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As the Coronavirus pandemic continues to rage throughout the United States, the news of vaccinations to prevent the COVID-19 disease has been met with mixed responses. Scientists, government, and many others are excited that the vaccine was developed in record time. Others, particularly black and brown people, recall medical experiments and medical exploitation in years past, and are less enthusiastic about taking a vaccination.

For people of faith, including CMEs, the decision to take or not take the vaccine must be an informed decision. You should not let misinformation and/or a misunderstanding of the facts, lead to a decision that is not right for you.

Your College of Bishops are advocates for the COVID-19 vaccination. However, the decision to receive or not receive is a PERSONAL HEALTH DECISION.

Some have asked, what does the Bible say about vaccinations? Well, the truth is the Bible says "nothing" specific about vaccinations. In the historical context in which the Bible was written, science and biology had not advanced to the point where that concept and many other health issues were understood.

However, the Bible does offer us insight into the principles upon which we should make decisions. The principle of love is one such spiritual value that should guide us. We are reminded over and over throughout the biblical word to love God, love ourselves and love our neighbors as we love ourselves. Taking the vaccination just be a way of showing love for your family, friends and neighbors. If you don't get the virus, you can't spread the virus. Love of neighbor is a obligation of our Christian faith, not an option.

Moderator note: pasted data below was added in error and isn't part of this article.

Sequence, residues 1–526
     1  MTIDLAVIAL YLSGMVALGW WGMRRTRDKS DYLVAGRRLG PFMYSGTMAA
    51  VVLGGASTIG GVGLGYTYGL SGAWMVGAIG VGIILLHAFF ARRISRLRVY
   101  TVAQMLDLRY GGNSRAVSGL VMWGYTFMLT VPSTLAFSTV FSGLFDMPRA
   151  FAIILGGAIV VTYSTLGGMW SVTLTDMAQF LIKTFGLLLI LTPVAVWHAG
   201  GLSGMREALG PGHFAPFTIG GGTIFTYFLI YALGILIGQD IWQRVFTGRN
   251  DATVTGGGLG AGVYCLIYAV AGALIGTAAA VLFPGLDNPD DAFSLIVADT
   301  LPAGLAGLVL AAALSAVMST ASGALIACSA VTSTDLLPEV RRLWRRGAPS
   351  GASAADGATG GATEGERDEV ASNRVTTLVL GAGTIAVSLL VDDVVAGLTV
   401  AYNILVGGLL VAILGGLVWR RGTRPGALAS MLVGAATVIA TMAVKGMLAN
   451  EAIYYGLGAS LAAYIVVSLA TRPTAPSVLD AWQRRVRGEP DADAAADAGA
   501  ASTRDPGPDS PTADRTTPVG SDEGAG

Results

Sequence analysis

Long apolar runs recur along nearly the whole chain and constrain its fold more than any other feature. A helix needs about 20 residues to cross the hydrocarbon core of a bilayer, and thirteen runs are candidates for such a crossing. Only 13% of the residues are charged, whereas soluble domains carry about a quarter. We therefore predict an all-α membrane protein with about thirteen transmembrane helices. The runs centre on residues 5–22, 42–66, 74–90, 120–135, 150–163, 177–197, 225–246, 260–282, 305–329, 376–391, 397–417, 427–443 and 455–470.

Second, vaccinations are not a new thing - they have been around for years since scientists came to better understand viruses and how they operate. Most of us have taken vaccinations since we began elementary school. Measles, mumps, rubella, whooping cough, chicken pox and influenza vaccinations have slowed the devastating spread of those diseases, and most of us have taken those vaccinations. The anti-vaccine movement is a recent manifestation whose scientific data has yet to disprove the effectiveness of vaccinations.

Finally, some are fearful of the side effects of the vaccination. Black and brown people are disproportionately affected and are dying from COVID-19. The long-term effects of survivors are just beginning to be understood. A vaccination is the only long-term preventive measure we have against this disease. All medications have side effects that affect each person differently. No one refuses life-saving medication because of the small minority who have experienced side effects from that same medication.

The decision to receive or not receive is a PERSONAL HEALTH DECISION. Please get the facts, get the information you need, do not rely on what you hear word of mouth or from unreliable sources. Discuss your particular health condition with your doctor, think of the impact a COVID-19 disease will have on you, your family and your lifestyle. Don't procrastinate, the time is now to make this crucial decision that can determine the course of the rest of your life.


Bishop Lawrence Reddick, Senior Bishop

Bishop Henry M. Williamson, Sr.

Bishop Thomas L. Brown, Sr.

Bishop Kenneth W. Carter, Chair

Bishop James B. Walker

Bishop Sylvester Williams, Sr.

Bishop Teresa Jefferson-Snorton, Secretary

Bishop Godwin Umoette

Bishop Bobby R. Best (Deceased)

Bishop Marvin F. Thomas, Sr.

Bishop C. James King, Jr.

Bishop Paul A. G. Stewart, Sr.

Bishop E. Lynn Brown, retired (Deceased)

Bishop Ronald Cunningham, retired (Deceased)

Bishop Othal Lakey, retired

Bishop William Graves, retired (Deceased)

Bishop Marshall Gilmore, retired

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